NEW DELHI: Hygiene, or rather lack of it, continues to irk patients and staff at Employee’s State Insurance Corporation Hospital (ESIC) in Okhla Phase I. Thousands of tonnes of waste collected from south Delhi is being dumped right behind the hospital.
There are three main landfill sites in the capital — Bhalswa (in the north), Ghazipur (in the east) and Okhla (in the south), all commissioned before the year 2000. The Okhla landfill site was declared exhausted in 2010.
A senior official in the South Delhi Municipal Corporation (SDMC) says the dumping of waste at the Okhla landfill has been stopped and remediation of the site is under process. The corporation official added the waste is now being dumped at another site — a piece of land from the Cement Corporation of India (CCI) —away from the hospital.
The Sunday Standard, in a visit to the area on Friday, witnessed trucks loaded with waste being carried from the gates of the Okhla landfill to the newly allocated site — adjacent to the original one, contradicting the claims of the official. The team also noted that the remediation drive was being carried out superficially.
A civil official at the Okhla landfill confirmed that the waste is now dumped at the 14-acre CCI land behind the landfill and remediation is under process, but it will take time.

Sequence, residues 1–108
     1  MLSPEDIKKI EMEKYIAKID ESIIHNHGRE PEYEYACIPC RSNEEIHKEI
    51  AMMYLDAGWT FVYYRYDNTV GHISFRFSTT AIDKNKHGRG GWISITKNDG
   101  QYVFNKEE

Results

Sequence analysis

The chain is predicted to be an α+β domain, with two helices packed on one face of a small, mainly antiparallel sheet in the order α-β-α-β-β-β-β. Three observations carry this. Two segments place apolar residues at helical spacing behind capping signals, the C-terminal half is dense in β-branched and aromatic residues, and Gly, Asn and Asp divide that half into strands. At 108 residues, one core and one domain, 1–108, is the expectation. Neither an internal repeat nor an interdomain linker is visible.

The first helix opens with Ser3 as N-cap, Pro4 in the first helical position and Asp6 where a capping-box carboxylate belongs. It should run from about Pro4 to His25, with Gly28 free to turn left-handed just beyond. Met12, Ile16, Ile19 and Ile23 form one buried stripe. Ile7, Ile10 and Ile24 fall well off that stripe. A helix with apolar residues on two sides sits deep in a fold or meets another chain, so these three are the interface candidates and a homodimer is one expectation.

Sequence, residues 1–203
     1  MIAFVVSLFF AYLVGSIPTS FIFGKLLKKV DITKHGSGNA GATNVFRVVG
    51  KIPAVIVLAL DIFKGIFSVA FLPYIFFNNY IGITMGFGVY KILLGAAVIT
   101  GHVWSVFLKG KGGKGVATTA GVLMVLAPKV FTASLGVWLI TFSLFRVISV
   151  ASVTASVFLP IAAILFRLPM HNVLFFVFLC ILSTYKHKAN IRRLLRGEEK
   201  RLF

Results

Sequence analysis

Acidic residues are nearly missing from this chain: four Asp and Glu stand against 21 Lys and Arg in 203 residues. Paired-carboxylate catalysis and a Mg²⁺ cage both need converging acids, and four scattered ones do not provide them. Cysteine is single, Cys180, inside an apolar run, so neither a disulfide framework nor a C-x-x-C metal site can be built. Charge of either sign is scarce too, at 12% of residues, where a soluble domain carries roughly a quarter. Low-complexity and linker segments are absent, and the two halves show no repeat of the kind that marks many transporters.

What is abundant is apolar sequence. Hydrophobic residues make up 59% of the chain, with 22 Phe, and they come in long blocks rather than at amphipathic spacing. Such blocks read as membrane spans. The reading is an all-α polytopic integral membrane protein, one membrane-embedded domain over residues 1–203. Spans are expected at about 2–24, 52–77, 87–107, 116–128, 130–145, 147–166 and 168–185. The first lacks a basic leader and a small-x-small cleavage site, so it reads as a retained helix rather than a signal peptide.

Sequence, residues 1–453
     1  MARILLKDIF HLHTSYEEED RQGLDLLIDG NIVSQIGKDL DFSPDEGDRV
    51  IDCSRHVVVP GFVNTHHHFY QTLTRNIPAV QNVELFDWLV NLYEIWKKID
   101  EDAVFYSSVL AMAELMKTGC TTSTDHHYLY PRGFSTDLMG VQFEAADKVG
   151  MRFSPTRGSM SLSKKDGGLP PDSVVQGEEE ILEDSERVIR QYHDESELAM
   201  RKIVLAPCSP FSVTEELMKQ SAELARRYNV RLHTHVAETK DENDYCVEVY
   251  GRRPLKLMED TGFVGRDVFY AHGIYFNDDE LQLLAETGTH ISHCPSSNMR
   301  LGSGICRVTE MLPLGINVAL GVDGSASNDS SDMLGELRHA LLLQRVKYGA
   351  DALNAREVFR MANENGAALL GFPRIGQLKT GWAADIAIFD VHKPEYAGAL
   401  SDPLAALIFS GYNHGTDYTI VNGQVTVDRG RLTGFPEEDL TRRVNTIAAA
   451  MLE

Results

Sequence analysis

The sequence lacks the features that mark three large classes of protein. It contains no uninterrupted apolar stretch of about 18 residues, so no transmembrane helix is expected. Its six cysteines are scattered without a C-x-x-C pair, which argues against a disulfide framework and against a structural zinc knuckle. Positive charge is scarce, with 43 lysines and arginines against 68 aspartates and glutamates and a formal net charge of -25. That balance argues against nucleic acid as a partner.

"The landfill has been here before the hospital. Even if we consider tranferring the landfill site, where will we go?” he said.
About a 90-odd staff resides in the hospital quarters —with a wall separating the staff quarter building and the site. The rainwater stagnates and the stench intensifies during monsoon, say the hospital staff.
"When there is a heavy rain, the waste from the landfill enters the hospital premises. And the smell...it's intolerable," said a hospital staff person residing in the quarters who did not wish to be named.
He also claimed that Tughlabad (South) MLA Sahi Ram had also raised the issue many times with the government, but to our disappointment, the issue hasn't been fully resolved.
The Sunday Standard tried contacting the MLA, but he did not respond.
Ravinder Rawat, a patient who was discharged in early June from the ESIC Hospital, had written to the medical superintendent about was more vocal about the sanitation issues in and around the hospital.
Recalling the pungent smell he had experienced during his treatment at the hospital, Rawat said, "Instead of getting cured, the patients will catch up on new infections here."
The medical superintendent of the hospital, Deepika Govil, said the hospital had recently written to the National Green Tribunal (NGT) to remove garbage from the site, only to be disappointed.
"This is a life-threatening hazard. We have a footfall of 2,000 patients every day plus the staff resides in the quarters. A number of lives are at stake because of the landfill," she added.
Officials at the hospital also pointed the SDMC trucks, heading to the landfill, at times block the way preventing ambulance from entering the hospital.